On a wing... and a prayer
Did Pope John Paul II save the plane that spectacularly belly-flopped on to a runway at Warsaw Airport last week? A Polish monk on board seems to thinks so.
When the landing gear failed to deploy on the LOT Airlines flight, and the pilot warned passengers to prepare for the worst, Fr Piotr Chyla spent the final minutes of the near-doomed flight clutching a tiny lock of hair from the head of the beatified pontiff while whispering final absolution to the 231 people on board.
It's a comforting theory and one which has led to a resurgence in devotion to Karol Wojtyla in his native Poland, but aviation experts are not wholly convinced the outcome was heaven-sent.
They say the plane's perfect landing, which has been dubbed the most extraordinary emergency descent in aviation history, was down to a combination of three things: sheer old-fashioned pilot skill, an ultra-professional crew and a cabin full of calm, well-behaved passengers.
As the Boeing 767 flying from Newark airport began its descent on November 2, Captain Tadeusz Wrona tried the landing gear a number of times and realised it wouldn't kick in.
He had about an hour and a half to deal with the crisis but, in his mind, he must have known it was almost inevitable that his packed plane would break up on impact.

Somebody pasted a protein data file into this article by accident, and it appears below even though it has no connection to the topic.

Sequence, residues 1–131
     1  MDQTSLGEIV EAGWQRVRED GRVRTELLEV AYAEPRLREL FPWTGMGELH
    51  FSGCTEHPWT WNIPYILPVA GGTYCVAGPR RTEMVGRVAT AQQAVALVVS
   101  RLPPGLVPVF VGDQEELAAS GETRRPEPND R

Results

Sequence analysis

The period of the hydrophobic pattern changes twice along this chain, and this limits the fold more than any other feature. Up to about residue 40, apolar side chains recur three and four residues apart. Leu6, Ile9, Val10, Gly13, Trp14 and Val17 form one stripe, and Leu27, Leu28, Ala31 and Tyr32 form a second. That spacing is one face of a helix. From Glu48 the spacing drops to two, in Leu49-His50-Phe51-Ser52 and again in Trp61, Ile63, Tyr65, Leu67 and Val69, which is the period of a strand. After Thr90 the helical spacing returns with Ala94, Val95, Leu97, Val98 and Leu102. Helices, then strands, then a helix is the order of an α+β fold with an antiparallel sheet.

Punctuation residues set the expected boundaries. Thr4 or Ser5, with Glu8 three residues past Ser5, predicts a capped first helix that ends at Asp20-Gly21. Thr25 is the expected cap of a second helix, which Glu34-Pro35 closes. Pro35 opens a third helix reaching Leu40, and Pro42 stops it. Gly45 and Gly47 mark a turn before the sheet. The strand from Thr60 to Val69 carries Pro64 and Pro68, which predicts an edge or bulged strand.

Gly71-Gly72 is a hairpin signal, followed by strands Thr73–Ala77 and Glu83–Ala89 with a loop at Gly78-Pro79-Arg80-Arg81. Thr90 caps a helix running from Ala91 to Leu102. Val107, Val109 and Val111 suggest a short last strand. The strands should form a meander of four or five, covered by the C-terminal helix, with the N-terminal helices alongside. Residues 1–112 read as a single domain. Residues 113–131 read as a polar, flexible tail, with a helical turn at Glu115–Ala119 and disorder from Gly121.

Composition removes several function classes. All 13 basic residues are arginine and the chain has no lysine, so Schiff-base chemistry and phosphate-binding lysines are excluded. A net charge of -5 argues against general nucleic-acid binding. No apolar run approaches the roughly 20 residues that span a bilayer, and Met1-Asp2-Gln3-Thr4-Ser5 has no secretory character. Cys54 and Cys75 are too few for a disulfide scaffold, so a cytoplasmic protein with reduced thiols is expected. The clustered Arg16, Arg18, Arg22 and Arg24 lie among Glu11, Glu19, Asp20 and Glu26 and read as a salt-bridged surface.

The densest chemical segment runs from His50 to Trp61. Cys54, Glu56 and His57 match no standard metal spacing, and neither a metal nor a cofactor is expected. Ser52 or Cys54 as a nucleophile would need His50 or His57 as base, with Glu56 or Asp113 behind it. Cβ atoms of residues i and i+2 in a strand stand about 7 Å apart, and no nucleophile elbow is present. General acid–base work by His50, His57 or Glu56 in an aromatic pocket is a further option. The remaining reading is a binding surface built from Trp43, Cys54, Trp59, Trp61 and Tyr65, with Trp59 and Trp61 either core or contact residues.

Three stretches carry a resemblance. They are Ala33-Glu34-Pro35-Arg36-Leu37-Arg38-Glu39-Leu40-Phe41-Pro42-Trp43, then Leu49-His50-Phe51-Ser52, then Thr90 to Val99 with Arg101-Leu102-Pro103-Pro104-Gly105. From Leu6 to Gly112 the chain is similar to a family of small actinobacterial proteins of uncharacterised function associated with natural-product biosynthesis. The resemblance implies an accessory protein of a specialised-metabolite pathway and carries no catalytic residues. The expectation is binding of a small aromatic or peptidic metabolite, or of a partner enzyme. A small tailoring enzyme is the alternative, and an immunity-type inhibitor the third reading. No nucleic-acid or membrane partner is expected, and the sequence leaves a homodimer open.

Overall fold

The veteran pilot, who has landed Boeing 767s about 500 times, notified the airport to prepare for a crash landing and told cabin crew to run through emergency procedures with passengers and teach them how to adopt the brace position and prepare for immediate evacuation on landing.
The terrified passengers listened intently, then prayed quietly and wrote messages of love on their mobile phones to those they thought they would be leaving behind.
As the plane approached Warsaw, Captain Wrona, whose passion for gliding is thought to have played a role in helping him land a plane without wheels, circled the city to burn off excess fuel.
Then, two minutes before landing, he took manual control, delicately attempting to rest the plane on three points -- its two engines and the rear of the fuselage.
An eerie silence filled the plane as it sped towards the ground.
Skidding to a halt along the tarmac, its engine noise seemed quieter than in a normal touchdown, which surprisedWrona. Then, just over a minute later, the purser reported that the plane was empty and not one of the passengers had been injured. The Polish airline is still investigating what went wrong with their 14-year-old plane, one of the youngest in their fleet. An undercarriage failure of such magnitude is unprecedented for a Boeing 767.
As for Captain Wrona, he's been hailed as a hero in his homeland, with more than 33,000 followers on the dozens of Facebook pages set up in his honour. Some of them bear the slogan 'fly like an eagle and land like a crow'.
In Polish, the word Wrona means crow.